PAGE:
In this quick tutorial you'll learn how to draw a Steller Sea Lion in 5 easy steps - great for kids and novice artists.
The images above represents how your finished drawing is going to look and the steps involved.
Below are the individual steps - you can click on each one for a High Resolution printable PDF version.
At the bottom you can read some interesting facts about the Steller Sea Lion.
Make sure you also check out any of the hundreds of drawing tutorials grouped by category.
How to Draw a Steller Sea Lion - Step-by-Step Tutorial
Step 1: Let's start our steller sea lion! First, draw a line that curves upwards, and then back down. This is the head.
Step 2: Alright, let's add some detail to the face. Draw an oval for the eye, two half circles for the nose, and long lines protruding downwards for his dangling whiskers.
Step 3: Now let's draw the body. Draw two lines on each side and a goofy "L" shaped line at the bottom middle.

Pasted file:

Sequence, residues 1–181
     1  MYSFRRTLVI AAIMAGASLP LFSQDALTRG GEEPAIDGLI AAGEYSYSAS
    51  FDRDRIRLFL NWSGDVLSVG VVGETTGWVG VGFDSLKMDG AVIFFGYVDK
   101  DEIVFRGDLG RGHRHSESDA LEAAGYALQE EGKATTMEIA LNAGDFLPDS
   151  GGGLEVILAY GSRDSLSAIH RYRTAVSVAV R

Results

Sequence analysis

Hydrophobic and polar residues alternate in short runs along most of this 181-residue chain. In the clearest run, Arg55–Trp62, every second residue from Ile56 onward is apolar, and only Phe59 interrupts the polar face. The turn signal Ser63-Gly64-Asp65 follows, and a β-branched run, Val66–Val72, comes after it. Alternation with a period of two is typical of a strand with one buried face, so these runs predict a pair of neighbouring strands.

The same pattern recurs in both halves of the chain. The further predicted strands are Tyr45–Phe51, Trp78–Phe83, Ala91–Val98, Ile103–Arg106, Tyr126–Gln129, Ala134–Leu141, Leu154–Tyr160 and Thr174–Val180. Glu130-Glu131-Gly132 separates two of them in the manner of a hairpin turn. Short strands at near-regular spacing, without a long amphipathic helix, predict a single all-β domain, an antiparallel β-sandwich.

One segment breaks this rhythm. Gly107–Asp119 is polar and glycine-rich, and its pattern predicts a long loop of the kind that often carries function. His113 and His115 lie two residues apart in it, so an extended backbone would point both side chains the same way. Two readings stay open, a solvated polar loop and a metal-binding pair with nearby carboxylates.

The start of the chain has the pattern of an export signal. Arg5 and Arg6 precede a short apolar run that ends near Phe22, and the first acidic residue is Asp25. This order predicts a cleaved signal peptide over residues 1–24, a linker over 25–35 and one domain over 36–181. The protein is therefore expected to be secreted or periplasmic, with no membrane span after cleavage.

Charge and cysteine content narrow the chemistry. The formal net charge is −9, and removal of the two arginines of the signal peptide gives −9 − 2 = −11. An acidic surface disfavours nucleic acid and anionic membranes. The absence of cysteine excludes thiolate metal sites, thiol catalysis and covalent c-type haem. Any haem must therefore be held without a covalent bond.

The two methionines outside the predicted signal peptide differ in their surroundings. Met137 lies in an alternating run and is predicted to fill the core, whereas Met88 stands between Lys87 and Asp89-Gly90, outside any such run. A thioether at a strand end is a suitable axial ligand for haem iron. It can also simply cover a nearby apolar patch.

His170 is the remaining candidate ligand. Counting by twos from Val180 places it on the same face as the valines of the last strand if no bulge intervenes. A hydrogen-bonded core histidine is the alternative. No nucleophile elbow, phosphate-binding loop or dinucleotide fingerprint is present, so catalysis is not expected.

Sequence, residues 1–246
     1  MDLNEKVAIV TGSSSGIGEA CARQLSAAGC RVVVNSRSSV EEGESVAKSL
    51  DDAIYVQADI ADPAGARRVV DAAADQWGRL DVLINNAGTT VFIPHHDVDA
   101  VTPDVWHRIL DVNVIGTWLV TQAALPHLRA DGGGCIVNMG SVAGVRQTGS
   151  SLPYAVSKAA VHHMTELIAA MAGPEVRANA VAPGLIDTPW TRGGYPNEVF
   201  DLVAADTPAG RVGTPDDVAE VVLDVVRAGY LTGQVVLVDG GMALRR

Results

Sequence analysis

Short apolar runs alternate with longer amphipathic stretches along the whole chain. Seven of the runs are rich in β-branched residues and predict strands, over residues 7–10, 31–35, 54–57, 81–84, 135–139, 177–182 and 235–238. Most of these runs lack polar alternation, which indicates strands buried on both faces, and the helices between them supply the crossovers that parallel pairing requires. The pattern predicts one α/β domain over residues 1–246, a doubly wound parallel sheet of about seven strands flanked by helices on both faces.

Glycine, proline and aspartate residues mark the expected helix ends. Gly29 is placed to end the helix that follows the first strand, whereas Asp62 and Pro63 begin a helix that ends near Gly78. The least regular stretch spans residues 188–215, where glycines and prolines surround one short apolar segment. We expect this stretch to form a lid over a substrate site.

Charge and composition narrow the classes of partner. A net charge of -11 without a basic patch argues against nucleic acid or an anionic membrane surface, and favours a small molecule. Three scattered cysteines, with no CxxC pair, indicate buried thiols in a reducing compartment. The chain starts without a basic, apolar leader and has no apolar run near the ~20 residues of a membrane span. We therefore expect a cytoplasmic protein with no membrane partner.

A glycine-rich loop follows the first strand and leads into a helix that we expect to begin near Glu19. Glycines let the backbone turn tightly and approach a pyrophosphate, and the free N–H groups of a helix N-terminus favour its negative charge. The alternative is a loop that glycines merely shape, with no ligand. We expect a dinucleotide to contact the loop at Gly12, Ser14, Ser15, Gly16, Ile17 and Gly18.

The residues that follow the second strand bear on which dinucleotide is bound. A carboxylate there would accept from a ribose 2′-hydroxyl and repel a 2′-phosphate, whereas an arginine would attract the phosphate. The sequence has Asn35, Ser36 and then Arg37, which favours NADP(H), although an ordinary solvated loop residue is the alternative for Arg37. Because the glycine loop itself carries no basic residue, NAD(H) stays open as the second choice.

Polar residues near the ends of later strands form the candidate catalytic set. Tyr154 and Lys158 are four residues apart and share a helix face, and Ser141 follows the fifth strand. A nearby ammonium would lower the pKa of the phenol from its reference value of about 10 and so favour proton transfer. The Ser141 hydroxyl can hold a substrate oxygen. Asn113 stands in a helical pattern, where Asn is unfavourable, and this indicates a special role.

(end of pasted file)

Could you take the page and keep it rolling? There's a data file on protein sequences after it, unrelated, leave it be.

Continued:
Step 4: Draw al line that goes down and back around for the tail. Make sure to give it indentation at the edge or your stellar sea lion won't swim as fast!
Step 5: Now you can draw the two front flippers. Draw one on each side extending outwards.
Interesting Facts about the STELLER SEA LION
The Steller Sea Lion is a member of the seal family and the scientific term for them is Eumetopias jubatus. Other common names for this animal are the Steller’s Sea Lion and the Northern Sea Lion. Their name Eumetopias jubatus means “maned one with the broad forehead.” It is the only member of the species Eumetopias, is the largest seal with external ears, and the largest seal except for the Elephant Seal.
Did you know?
- The animal was first documented in the year 1741.
- They are almost 11 feet long.
- This species can be over 2,000 pounds in weight.
- They have more than 1 baby on rare occasions.
- The males will defend their females for up to 60 days.
These pale yellowish red animals are native to Alaska and are near threatened to extinction. Their breeding ground has a range from eastern Russia to southern California. While they can mate with many females, mating isn’t forced. They prefer hunting in schools of fish, but also invade fish farms even if they are for freshwater types. Occasionally they eat smaller seal species’ and otters, but can become food for killer whales and white sharks.